Christmas is an expensive enough time of year, without losing money to fraudsters. Whether by cash, card or online, more people making payments means that there are more opportunities for fraudsters. We are keen to help you protect yourself from fraud over the festive period and this article provides information on common types of fraud.

Email Payment Scams

Fraudsters send payment requests that replicate the format used by legitimate companies (such as energy or telecommunications companies).

Consider:

  • Were you expecting a demand for payment or refund?
  • Is this method of communication normal?
  • Check the sender’s email address, is it misspelled or are there numbers in it?
  • Do the logos and branding look right?
  • Does the email contain suspicious links?
  • Does the email contain spelling or grammatical errors?
  • Is the email threatening in tone or demanding urgent or immediate payment?
  • If your email account has been hacked – it’s possible fraudsters will intercept emails and change details. For example, if you make payments to a friend or local service provider, the fraudster may impersonate them and ask you to update payment details for them, but really the money will go into the fraudster’s account.

How to protect yourself:

If you’re not 100% sure, do not click on any links and do not make any payments. Contact your service provider directly using either the details you have for them, or those you have obtained independently (e.g. via their website).

Phone Payment Scams

Fraudsters may call you and pretend to be from your bank, the police or a legitimate company. They typically claim to have seen fraudulent activity on your account. They might claim to have set up a ‘safe’ account for you and ask you to transfer funds to that account to protect your money.

Your bank or the police will never phone and:

Ask you to transfer money to another account

Ask for your PIN or online banking password

Ask you to withdraw money and give it to them for safe keeping

Set up a ‘safe’ account for you without asking

Ask you to check whether the number called from matches their registered number (it is possible for the caller to alter the number displayed on your phone)

How to protect yourself:

  • Hang up the phone
  • Wait five minutes to clear the phone line – fraudsters often wait on the line and listen. Try calling a friend to check the line is clear (or dial the speaking clock). Alternatively, use another phone to contact your provider or bank using the details you have for them, or those you obtain independently (e.g. via their website).

Shopping Online

Criminals can steal your money by directing you to illegitimate web pages while you’re browsing online.

Make sure you protect yourself:

  • Only make payments on secure websites – a padlock symbol in the browser window is a good indication of this
  • Only use websites and brands that you trust
  • If it’s a new website or brand – undertake some research, do they have good reviews? Try to establish a physical address and telephone contact details
  • Do not click on any links if they’re not from a source you trust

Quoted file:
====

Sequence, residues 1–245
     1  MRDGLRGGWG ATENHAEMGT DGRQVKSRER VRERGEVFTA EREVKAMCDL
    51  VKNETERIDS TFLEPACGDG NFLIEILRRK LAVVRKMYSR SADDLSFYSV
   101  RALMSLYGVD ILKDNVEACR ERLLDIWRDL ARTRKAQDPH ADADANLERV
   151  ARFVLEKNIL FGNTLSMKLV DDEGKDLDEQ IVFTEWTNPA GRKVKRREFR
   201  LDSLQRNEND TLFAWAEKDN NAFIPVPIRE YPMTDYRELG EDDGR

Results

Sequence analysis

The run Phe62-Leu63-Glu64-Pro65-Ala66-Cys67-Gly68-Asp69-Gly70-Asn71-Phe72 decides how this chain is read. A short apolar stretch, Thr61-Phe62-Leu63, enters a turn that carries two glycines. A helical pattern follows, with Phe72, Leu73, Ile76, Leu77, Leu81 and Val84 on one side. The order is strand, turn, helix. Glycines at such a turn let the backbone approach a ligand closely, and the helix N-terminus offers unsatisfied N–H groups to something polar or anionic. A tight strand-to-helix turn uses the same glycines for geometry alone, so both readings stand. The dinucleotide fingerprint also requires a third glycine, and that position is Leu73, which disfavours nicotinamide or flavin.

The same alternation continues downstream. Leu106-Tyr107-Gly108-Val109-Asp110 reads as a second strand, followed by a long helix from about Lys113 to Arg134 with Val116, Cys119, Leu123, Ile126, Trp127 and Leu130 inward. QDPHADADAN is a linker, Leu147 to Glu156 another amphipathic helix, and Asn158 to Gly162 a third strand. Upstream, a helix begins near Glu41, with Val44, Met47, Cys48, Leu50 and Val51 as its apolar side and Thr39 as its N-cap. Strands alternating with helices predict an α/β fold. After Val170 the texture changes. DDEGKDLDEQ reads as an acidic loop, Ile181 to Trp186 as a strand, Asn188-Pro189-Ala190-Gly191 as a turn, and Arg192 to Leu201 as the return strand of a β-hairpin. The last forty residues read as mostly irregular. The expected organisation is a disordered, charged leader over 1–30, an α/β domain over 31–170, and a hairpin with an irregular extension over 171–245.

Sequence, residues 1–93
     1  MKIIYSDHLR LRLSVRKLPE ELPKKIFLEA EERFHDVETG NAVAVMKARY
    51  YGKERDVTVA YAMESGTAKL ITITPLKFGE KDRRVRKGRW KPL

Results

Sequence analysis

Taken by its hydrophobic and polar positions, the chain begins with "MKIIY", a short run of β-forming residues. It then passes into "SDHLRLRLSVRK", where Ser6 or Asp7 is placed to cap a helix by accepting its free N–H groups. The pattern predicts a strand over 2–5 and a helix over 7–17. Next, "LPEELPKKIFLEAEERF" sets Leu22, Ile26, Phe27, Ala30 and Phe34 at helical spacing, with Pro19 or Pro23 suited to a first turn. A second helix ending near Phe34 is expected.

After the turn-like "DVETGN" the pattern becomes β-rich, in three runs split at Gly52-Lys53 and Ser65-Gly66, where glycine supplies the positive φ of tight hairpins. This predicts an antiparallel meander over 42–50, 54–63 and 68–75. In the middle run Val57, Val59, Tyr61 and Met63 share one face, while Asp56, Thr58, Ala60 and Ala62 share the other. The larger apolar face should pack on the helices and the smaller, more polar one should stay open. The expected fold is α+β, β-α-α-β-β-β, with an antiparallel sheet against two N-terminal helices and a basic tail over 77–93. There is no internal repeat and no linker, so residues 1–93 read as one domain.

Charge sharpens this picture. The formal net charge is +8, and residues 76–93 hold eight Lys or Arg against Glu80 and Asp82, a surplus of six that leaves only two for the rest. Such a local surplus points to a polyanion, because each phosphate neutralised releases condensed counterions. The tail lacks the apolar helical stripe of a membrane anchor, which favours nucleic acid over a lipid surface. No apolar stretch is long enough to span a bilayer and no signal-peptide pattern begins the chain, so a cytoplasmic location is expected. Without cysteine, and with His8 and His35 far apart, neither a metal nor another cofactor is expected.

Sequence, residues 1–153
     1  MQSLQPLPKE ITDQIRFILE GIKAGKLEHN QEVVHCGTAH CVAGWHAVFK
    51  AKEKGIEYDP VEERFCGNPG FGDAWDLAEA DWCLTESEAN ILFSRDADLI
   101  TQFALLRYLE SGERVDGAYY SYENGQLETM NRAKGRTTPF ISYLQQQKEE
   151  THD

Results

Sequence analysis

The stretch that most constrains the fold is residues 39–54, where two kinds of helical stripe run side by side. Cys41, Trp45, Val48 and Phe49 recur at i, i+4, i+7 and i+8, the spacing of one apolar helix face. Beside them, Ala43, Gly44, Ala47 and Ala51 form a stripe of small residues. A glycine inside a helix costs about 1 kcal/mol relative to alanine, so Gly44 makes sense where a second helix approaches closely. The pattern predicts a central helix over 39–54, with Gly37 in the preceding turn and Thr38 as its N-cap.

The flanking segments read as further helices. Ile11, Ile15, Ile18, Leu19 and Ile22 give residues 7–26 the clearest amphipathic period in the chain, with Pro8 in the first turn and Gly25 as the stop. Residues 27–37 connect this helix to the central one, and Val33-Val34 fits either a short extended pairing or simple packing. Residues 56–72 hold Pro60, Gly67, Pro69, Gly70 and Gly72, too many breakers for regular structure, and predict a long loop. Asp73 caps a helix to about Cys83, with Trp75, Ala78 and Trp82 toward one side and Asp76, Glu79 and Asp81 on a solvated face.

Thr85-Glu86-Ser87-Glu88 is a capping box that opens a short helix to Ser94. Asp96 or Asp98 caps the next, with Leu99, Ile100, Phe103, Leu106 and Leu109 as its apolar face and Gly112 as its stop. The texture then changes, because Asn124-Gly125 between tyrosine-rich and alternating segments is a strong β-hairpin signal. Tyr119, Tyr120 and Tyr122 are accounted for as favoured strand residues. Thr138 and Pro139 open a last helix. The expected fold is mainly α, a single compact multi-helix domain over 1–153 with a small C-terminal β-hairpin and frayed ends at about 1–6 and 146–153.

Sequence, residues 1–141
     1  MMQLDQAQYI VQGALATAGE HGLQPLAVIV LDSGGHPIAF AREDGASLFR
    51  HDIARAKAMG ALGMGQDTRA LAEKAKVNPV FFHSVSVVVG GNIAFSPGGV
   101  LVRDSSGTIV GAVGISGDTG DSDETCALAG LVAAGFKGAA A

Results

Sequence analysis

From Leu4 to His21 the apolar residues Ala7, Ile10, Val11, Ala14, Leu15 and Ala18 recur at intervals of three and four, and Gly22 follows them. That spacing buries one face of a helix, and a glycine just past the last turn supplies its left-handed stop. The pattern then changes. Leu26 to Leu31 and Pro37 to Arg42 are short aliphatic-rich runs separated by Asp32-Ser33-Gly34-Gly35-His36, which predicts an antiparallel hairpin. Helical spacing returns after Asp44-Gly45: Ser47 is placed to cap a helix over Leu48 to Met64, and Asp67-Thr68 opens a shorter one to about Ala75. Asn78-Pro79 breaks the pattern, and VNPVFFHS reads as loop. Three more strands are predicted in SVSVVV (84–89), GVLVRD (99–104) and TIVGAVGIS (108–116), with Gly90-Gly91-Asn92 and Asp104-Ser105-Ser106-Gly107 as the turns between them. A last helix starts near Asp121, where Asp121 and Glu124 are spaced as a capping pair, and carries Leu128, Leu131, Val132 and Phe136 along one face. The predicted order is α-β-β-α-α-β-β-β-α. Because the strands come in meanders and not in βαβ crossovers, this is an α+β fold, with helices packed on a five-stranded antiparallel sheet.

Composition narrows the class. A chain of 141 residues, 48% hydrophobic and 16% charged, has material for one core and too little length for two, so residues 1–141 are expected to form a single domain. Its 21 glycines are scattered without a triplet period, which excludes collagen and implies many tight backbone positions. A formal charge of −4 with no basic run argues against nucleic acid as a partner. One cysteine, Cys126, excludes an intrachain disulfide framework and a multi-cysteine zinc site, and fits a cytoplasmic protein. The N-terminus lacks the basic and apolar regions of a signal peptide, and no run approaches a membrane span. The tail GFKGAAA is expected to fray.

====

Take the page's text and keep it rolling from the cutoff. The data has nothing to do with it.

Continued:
• It’s best to use a secure Wi-Fi connection – avoid public Wi-Fi
  • If it looks too good to be true, it probably is – an item drastically under RRP could be fraud or a counterfeit
  • Avoid using direct bank payments/transfers to pay for products because you don’t have the same consumer protections
  • Regularly check your bank statements – are there any transactions you don’t
    recognise?
  • Your bank may send you a text message with a secure code for an online shopping transaction. If you receive one out-of-the-blue, call them immediately and do not repeat the secure code to anyone.
  • If concerned, contact your bank immediately

Cash Machine Scams

There are a number of ways for criminals to steal your money at the cash machine. Avoid becoming a victim by recognising when something is wrong:

Skimming Devices

These scan the magnetic strip on your card as you insert it into the machine. Have a look at the slot where you enter the card, are there scratches, sticky residue, or any signs it has been tampered with? If concerned, do not use the machine.

Distraction

These are scenarios where criminals stand by cash machines to steal money or your card directly from you. They might bump into you, drop something near you or someone may talk to you to distract you while someone else picks your pockets. A common tactic is to wait until your cash has been dispensed and ask you if you have dropped money, using the opportunity to take your money from the ATM. Be aware of groups of people hanging around an ATM or appearing behind you and standing too closely. If in doubt, walk away.

Fraudsters have also been known to look over your shoulder while entering a PIN to learn it before stealing your card using a distraction technique.

Card Traps

If your card isn’t returned or the cash is not delivered but a receipt is issued, contact your bank and cancel your card immediately. Also, if there is someone watching the machine or hanging around for no apparent reason, use another ATM.

Remember:

  • Take time to think – does a situation seem suspicious?
  • Criminals will try to rush you – say ‘no’ if you’re not sure
  • Your bank will never ask for your PIN, full password, or ask you to withdraw or transfer money
  • Contact your bank immediately if you are concerned your card or account has been compromised